“Words can’t express what he means to this program,” Tyler Les explained. “He’s the leader, he’s the captain — the face of the program — and we’re lucky to have him, not only on the court, but off the court.

“He’s a great guy and makes sure everyone is being taken care of. (Look) at his leadership in practice: he’s the hardest worker, making sure he’s got everything down so that way we can follow him.”

And like father, like son, here’s another Les feeding another Hawkins for another long-range launch.

“He means the world to me,” Corey said of BFF Tyler. “Especially first coming out here … When you transfer in, you’re alone except for your teammates.”

Corey said Tyler helped “get me acclimated to campus, to town … and I can’t thank him enough. Off the court, he’s one of the funniest guys I know. He’s hilarious.”

But on the court, it will be all business for the duo and their Aggie brothers.

There is a Big West Conference pennant to hang, and the younger Les and Hawkins believe in this 2013-14 UCD team.

“Is another plus-nine season possible?” senior guard Les repeated a question. “Absolutely. It’s a pro-style offense that really lets us have a lot of freedom offensively. And we have a lot of guys who can really make shots and it really is tailor-made for this team.”

Hawkins knows he’s a marked man, and thinks that may not be altogether bad for the Aggies.

“I’m going to draw a lot of attention,” he said. “A lot of teams are going to focus on me, and my penetration is going to leave a lot of my teammates wide open. I know they’re going to make (those shots) because we’ve got some of the best shooters I’ve ever seen. Penetration and kick … for me that’s easy.”

Hawkins loves his team’s chances on winning the Big West and heading on to The Big Dance:

“To this day, I have not seen a team that is an offensively fluent as we are. We have so many options that you can take away our one, two and three, options but our fourth and fifth options are still going to (be available), and that spreads the floor.”

Seven lettermen return, and among the talented newcomers are All-San Diego Section guard Brynton Lemar, Bulgaria national teamer Georgi Funtarov and Texas-San Antonio transfer Iggy Nujic. Funtarov and Nujic are 6-foot-8 and should help veteran post Josh Ritchart in the middle.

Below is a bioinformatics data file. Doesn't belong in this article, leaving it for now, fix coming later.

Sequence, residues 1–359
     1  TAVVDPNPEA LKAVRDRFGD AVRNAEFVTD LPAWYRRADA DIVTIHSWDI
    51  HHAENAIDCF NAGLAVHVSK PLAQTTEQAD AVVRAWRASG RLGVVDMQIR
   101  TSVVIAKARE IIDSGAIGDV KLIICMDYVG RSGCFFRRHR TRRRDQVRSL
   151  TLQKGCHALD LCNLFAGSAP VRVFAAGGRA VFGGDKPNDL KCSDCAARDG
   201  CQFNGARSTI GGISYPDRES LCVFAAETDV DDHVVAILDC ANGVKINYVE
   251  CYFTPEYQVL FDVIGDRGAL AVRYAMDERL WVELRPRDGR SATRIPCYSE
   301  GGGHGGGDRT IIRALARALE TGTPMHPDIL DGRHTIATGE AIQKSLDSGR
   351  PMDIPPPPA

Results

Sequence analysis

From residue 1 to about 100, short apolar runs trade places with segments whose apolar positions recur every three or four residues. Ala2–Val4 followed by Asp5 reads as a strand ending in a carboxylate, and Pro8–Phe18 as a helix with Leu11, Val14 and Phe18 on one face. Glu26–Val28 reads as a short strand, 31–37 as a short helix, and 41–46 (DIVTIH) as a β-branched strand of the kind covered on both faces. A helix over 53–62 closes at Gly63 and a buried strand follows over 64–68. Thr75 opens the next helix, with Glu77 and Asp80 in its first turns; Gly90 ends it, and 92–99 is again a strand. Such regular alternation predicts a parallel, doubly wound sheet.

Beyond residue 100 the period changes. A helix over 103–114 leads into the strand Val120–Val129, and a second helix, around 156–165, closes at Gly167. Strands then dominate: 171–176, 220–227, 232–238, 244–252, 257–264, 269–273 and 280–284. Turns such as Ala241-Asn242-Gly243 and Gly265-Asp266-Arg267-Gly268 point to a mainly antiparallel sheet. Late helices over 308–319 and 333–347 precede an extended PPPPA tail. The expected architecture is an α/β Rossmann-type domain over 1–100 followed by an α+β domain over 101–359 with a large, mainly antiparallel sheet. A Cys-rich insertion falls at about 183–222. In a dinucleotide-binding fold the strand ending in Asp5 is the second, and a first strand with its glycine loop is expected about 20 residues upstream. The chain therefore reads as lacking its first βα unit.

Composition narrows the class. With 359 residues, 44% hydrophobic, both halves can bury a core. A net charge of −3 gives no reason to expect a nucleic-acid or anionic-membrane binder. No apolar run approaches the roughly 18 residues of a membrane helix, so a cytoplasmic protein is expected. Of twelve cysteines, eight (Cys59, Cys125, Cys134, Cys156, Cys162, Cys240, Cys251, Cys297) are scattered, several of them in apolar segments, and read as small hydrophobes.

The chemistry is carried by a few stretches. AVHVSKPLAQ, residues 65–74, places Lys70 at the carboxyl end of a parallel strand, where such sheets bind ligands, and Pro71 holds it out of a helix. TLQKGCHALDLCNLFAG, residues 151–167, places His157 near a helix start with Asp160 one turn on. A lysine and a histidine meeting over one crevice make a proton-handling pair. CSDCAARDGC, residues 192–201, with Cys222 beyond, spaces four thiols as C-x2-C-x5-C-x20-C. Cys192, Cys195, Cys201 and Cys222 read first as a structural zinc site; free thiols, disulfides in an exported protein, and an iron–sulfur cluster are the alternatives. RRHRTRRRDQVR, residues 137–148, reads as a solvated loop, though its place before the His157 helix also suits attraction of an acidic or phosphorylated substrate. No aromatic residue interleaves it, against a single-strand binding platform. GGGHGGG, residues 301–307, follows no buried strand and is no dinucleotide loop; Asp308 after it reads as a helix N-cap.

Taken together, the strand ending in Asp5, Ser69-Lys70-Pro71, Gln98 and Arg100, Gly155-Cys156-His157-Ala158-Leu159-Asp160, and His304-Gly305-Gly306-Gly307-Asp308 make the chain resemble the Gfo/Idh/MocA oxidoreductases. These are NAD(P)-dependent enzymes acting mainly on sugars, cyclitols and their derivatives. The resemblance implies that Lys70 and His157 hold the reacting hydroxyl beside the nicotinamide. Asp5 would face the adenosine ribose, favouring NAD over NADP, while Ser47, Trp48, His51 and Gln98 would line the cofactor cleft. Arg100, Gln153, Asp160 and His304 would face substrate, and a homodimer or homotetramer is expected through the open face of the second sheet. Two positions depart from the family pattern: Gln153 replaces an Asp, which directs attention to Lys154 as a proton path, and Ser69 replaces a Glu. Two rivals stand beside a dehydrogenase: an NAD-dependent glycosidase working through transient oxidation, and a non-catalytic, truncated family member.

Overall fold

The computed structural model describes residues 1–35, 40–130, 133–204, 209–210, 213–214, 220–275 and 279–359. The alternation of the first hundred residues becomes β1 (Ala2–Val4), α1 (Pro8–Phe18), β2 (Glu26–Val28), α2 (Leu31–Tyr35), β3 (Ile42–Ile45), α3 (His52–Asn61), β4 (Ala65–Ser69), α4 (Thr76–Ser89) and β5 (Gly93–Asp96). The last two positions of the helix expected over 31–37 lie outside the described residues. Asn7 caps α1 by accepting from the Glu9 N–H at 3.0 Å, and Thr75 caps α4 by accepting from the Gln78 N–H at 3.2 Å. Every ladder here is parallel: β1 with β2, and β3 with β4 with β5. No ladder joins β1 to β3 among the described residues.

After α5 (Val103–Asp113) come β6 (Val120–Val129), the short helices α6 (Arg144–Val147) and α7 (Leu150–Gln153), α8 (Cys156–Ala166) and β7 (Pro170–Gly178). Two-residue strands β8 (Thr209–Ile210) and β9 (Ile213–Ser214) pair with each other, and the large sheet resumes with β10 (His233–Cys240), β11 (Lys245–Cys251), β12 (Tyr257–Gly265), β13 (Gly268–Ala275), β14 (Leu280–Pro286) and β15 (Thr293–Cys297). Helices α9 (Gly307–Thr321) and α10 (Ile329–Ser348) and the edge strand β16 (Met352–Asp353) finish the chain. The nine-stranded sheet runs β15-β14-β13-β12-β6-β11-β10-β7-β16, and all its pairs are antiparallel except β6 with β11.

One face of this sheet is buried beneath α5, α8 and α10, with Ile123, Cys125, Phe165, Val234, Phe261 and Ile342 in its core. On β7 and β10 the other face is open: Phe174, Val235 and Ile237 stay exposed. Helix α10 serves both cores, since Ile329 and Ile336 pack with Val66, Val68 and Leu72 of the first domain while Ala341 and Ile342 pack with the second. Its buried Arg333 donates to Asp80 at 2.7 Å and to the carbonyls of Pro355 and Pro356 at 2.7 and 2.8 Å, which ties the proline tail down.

Hawkins believes if the Aggies continue improve in rebounding and at the defensive end and show additional toughness inside, all the pieces are in place for the championship run.

Aggie fans will know a little more after this week.

Notes: Corey Hawkins points to his mom as being “my No. 1 supporter. She’s my backbone. She’s the reason I’ve worked so hard. She sacrificed so much … this wouldn’t be possible without her.” Jennifer Hawkins markets for a nutritional firm. … Oh, and dad (the Portland Trailblazers’ director of player development) has had more than a little bit to do with his son’s emergence. The elder Hawkins’ influence has been “huge,” according to Corey. “He goes above and beyond to make sure I’m getting the best coaching. Anything.” The junior Hawkins says Hersey, despite being such a prolific scorer and NBA All-Star, “never pressured me to play basketball. But basketball has always been my passion.” And Aggie fans are thankful for that. … From the Speaking of Bombs Away Dept.: UCD hit 40 percent of its 634 3-point shots last year. Senior guard Ryan Sypkens — who coach Les calls “the best shooter in the nation” — was among the NCAA leaders in treys made (106) and percentage (46). But season’s end, Franklin High product Sypkens could be sending some hardware home to his mother. … A preseason media poll has UCD slated for a fifth-place Big West finish.

— Reach Bruce Gallaudet at or 530-747-8047.

Bruce Gallaudet